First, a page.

Who needs a hockey puck when you have a rubber duckey? Thus: “ice duckey”! The kiddos have spent hours upon hours out on the ice this week. Today the conditions were turning slushy, but with the temperatures plummeting again, the show will go on tomorrow! What fun! I wish this last picture had audio. Opal was overcome and collapsed in a heap of giggles!
What’s a mama to do when her boy requests a purple hand-knit sweater? Bust out the knitting needles and get busy, of course! Ira’s request came about a year ago. For a moment, my mind drifted to all of the hats, coats, sweatshirts, shoes, and other garments that I have found over the years- in trees, in the barn, at the edge of the creek, in his chicken coop- haphazardly discarded in the wake of more important matters. For a moment, I wondered what fate this sweater might find. And if I should really bother spending so much time and money on something that might just wind up as chicken bedding. But the process of creating something holds many lessons, and as an artist and craftsperson, I garner so much joy from the process itself. (Farming is a lot about the process, too!) So without much hesitation, and with purple yarn and a couple of wooden sticks in hand, I cast on a sweater for my boy. (ravelry link here.) And I proudly cast off that sweater a few months later, late last winter, and handed it over to my smiling little monkey (picture above, the first wearing). I had no idea then what adventures Ira and this purple sweater would share…I hope it provided some comfort when he decided, of his own accord, that it was time to butcher one of his favorite coming-of-age roosters that was becoming a danger to anyone that walked past, namely his little three year old sister. And while wearing the sweater, he helped me butcher that rooster. I know it provided warmth on so, so many mushroom hunts this spring, when we were having a healthy competition to see who could find the most morels on the farm.And I can’t count the number of times that I’ve witnessed Ira putting on his purple sweater as he heads out the door with a yell over his shoulder, “I’m going to the creek to fish.” This particular day back in the spring, that purple sweater got to witness him reel in a small mouth bass that qualified him for a Trophy Fish Award and his first qualifying catch towards a Master Angler Award. He’s nine. Eric laughs that in all of his own years of fishing, Ira already has him beat. (I don’t think the proud papa really minds, though.)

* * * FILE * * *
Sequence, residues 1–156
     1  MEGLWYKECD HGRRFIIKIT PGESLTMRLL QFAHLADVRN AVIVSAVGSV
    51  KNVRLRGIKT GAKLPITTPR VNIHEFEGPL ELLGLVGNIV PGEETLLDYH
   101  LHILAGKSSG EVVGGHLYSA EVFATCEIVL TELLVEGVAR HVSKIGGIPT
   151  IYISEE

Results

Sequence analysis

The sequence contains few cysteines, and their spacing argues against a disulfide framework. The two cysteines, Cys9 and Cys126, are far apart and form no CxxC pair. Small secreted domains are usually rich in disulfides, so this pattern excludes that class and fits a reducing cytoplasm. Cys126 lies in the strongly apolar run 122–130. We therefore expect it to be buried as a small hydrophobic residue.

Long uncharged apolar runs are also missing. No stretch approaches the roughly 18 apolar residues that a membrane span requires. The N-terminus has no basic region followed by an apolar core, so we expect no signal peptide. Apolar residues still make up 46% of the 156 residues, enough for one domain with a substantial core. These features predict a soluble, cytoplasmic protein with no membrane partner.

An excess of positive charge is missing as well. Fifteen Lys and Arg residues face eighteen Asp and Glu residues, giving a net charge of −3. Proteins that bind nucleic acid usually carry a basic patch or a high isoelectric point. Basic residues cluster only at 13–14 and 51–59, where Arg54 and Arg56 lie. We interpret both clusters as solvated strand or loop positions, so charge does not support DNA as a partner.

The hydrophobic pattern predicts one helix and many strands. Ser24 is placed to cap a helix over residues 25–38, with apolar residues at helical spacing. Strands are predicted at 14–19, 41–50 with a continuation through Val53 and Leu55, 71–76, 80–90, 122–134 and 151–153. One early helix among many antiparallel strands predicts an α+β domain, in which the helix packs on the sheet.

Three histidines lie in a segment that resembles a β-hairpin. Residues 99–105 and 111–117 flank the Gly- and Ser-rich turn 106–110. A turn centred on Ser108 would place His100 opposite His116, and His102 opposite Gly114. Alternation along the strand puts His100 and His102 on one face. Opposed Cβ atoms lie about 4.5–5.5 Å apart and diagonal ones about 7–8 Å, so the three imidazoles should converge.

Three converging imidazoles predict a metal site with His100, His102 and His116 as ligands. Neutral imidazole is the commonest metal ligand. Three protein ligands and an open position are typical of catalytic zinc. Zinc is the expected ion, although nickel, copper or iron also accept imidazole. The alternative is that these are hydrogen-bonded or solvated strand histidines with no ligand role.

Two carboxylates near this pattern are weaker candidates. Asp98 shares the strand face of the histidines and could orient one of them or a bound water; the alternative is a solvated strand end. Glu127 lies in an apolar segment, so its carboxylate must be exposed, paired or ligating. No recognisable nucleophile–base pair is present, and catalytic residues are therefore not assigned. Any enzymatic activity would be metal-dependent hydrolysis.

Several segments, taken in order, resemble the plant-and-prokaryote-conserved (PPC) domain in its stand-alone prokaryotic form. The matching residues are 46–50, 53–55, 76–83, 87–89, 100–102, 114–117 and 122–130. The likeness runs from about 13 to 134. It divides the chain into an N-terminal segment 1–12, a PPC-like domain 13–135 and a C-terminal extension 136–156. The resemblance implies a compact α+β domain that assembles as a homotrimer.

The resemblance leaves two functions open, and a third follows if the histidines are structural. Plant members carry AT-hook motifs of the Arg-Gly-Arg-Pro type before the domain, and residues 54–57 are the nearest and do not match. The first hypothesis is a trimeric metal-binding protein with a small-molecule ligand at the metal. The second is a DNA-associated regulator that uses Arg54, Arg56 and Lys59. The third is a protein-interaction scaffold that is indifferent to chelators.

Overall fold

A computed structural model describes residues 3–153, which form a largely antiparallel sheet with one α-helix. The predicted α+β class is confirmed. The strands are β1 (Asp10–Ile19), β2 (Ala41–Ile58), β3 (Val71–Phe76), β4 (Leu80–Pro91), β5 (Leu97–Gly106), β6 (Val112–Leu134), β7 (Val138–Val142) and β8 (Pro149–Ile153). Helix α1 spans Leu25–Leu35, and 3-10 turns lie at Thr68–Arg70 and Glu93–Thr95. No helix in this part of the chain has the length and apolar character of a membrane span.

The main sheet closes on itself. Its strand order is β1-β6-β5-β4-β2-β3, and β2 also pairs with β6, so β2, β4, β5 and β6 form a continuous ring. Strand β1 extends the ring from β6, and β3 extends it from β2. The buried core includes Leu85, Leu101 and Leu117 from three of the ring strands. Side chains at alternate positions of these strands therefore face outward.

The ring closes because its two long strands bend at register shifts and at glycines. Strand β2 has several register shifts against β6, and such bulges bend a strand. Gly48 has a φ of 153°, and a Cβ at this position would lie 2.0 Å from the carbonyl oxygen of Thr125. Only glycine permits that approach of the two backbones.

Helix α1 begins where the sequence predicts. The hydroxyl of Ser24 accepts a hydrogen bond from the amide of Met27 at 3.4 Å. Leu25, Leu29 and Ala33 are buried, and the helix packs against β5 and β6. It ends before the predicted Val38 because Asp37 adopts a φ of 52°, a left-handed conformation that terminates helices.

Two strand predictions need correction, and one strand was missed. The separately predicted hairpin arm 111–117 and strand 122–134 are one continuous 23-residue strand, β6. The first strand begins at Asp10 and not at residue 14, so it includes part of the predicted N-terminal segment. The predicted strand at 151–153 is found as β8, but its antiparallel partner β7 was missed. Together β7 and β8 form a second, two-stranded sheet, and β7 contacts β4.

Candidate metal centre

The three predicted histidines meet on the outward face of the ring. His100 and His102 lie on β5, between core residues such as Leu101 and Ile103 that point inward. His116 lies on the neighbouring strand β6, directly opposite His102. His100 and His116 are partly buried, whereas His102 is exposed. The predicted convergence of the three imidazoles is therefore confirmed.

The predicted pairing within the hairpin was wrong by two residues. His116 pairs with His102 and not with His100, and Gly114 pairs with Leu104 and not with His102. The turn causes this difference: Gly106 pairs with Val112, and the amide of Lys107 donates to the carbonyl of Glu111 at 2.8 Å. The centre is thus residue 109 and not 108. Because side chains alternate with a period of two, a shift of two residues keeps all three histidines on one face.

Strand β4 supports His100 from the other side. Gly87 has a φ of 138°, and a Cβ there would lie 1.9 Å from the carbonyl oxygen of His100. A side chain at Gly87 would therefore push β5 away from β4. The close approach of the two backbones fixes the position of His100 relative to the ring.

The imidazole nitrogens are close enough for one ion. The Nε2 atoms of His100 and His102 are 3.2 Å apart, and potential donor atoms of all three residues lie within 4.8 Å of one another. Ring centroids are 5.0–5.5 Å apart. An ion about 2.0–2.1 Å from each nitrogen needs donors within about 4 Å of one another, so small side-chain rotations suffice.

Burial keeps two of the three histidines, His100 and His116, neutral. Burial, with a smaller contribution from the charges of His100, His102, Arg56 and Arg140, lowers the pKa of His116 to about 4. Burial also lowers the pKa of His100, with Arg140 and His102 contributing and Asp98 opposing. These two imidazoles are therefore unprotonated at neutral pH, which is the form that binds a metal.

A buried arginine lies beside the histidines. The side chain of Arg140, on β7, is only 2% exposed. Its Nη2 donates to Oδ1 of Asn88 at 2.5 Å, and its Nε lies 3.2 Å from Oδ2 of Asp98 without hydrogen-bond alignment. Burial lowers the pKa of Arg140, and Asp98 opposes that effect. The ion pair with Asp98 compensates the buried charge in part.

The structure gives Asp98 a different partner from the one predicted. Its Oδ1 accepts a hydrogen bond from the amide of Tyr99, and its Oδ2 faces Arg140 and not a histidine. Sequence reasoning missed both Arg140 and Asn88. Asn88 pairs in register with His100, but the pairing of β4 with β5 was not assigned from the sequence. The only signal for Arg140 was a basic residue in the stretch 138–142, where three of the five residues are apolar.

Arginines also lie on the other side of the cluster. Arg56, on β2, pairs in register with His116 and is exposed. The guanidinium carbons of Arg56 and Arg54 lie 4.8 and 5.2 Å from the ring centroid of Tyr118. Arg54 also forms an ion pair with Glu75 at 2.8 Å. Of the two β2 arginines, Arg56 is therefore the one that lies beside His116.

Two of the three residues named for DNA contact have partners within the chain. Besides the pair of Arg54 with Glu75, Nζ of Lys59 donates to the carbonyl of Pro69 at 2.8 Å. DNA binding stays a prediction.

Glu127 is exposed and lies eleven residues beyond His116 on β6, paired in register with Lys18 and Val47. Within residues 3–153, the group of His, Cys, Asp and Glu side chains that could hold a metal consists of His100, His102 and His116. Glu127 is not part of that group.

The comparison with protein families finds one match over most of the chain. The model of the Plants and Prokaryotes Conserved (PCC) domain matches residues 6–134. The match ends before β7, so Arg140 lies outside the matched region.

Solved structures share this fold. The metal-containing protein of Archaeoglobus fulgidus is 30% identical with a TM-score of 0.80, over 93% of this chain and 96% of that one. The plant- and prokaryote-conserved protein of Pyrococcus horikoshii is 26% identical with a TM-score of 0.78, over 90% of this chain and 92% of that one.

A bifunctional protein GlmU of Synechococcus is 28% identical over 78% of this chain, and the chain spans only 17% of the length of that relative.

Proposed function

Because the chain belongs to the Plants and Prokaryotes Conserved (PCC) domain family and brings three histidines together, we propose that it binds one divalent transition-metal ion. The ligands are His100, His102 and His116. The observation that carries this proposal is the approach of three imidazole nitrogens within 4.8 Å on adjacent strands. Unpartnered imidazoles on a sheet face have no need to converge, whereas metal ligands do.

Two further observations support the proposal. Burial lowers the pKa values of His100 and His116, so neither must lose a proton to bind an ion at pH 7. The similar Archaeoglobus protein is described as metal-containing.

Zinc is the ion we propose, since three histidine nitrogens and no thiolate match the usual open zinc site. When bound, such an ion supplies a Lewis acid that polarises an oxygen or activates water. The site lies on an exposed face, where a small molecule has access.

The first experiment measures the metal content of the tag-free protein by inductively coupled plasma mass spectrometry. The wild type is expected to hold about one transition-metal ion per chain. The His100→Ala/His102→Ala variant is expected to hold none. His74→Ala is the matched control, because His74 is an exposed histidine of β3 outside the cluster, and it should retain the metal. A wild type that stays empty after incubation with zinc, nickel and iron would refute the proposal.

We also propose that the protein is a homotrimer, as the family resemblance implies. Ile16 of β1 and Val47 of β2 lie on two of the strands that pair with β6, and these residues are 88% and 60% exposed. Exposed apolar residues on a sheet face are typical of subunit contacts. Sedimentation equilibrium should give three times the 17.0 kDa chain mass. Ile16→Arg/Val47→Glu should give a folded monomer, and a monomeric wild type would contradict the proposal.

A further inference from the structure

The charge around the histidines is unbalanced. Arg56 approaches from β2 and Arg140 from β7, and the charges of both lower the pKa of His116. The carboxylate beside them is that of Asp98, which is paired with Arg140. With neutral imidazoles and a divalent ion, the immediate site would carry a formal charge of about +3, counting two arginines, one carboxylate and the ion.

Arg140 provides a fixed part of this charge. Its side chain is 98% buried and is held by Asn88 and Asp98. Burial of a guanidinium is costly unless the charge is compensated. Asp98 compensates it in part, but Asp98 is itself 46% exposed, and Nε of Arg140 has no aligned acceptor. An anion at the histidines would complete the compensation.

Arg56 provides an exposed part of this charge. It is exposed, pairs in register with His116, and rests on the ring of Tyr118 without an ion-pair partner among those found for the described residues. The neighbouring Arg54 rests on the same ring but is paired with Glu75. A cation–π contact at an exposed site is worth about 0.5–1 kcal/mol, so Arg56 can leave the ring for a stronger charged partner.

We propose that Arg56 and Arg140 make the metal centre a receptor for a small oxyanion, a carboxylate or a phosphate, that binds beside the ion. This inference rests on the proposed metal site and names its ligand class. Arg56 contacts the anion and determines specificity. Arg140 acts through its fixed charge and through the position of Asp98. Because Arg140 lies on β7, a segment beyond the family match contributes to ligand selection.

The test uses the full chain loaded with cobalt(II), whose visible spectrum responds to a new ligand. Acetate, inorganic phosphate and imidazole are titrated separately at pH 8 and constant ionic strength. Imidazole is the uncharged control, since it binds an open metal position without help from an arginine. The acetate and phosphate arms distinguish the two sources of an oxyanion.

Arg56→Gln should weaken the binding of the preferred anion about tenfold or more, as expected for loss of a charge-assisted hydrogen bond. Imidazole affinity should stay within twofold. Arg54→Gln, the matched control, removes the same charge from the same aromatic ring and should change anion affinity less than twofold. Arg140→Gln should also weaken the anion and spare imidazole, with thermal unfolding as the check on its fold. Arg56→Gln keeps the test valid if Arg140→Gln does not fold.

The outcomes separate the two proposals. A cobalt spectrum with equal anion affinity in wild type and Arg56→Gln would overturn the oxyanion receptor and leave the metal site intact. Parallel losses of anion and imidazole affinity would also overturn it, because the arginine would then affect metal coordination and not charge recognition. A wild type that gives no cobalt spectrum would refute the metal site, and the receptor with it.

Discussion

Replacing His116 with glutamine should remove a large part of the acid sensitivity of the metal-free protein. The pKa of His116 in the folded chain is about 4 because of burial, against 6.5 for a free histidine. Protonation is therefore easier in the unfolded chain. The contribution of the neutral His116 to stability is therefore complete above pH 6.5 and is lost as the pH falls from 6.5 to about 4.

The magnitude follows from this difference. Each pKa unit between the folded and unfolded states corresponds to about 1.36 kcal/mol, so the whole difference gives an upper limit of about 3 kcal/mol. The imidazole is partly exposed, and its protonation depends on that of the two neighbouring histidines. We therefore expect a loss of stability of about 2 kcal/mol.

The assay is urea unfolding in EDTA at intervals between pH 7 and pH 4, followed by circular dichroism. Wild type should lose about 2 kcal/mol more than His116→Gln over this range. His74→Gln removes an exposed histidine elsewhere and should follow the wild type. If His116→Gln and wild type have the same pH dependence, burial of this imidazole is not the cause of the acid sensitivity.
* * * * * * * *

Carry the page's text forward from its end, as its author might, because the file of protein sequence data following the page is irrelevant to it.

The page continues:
And in all of those trips to the creek, or wherever else his bare feet and purple sweater take him on any given day, he’s witnessed river otters playing in the creek. He’s had beavers smack their tails on the surface of the creek at him, trying to scare him away. He’s chased attacking hawks away from his precious ducks. He’s walked miles. He’s shot his bow hundreds of times. He’s fixed bicycles and chopped down trees. He’s snuggled chicks and herded lambs. At some point along the way, the sweater took on the status of “lucky”. (I remember my own lucky green corduroy overalls that I was convinced helped me win the third-grade spelling bee.) Yes, he was wearing his sweater just moments before shooting the apple with an arrow at the archery contest at the Linden Waldorf School “Elves Faire”. Yes, he was wearing it yesterday when he hauled in these two large-mouth bass from a pond on the farm. Yes, he’s had the sweater on for countless grand events. Are his successes because of his “lucky” sweater? I’m not so sure. As Ira wears his purple sweater, pretty much on a daily basis (except for the rare occasion that I actually wash the thing… oh, the beauty of wool), I am witness to something else that is so amazing. He is growing. I see what was a loose fitting sweater just a few short months ago now fits like a glove. The sleeves aren’t too long anymore. I can see how his arms are filling in the sweater where his muscles are growing. I see his unbelievable determination shining through when he focuses on a project. I see his confidence growing as he is given the freedom to pursue his passions.
I’m pretty sure there’s a lot more than luck at work here…Sometimes, I like to think that I’ve not just made Ira a purple sweater, but his very own suit of armor. Instead of being made of little loops of metal though, like most chainmaille suits of armor, the thousands of loops of yarn made a suit of amour… a suit of love. A warm and comforting gesture from a mama to her son. It’s the least I could do. Oh, yes… I know for sure that the sweater isn’t nearly as lucky as the mama of this little boy.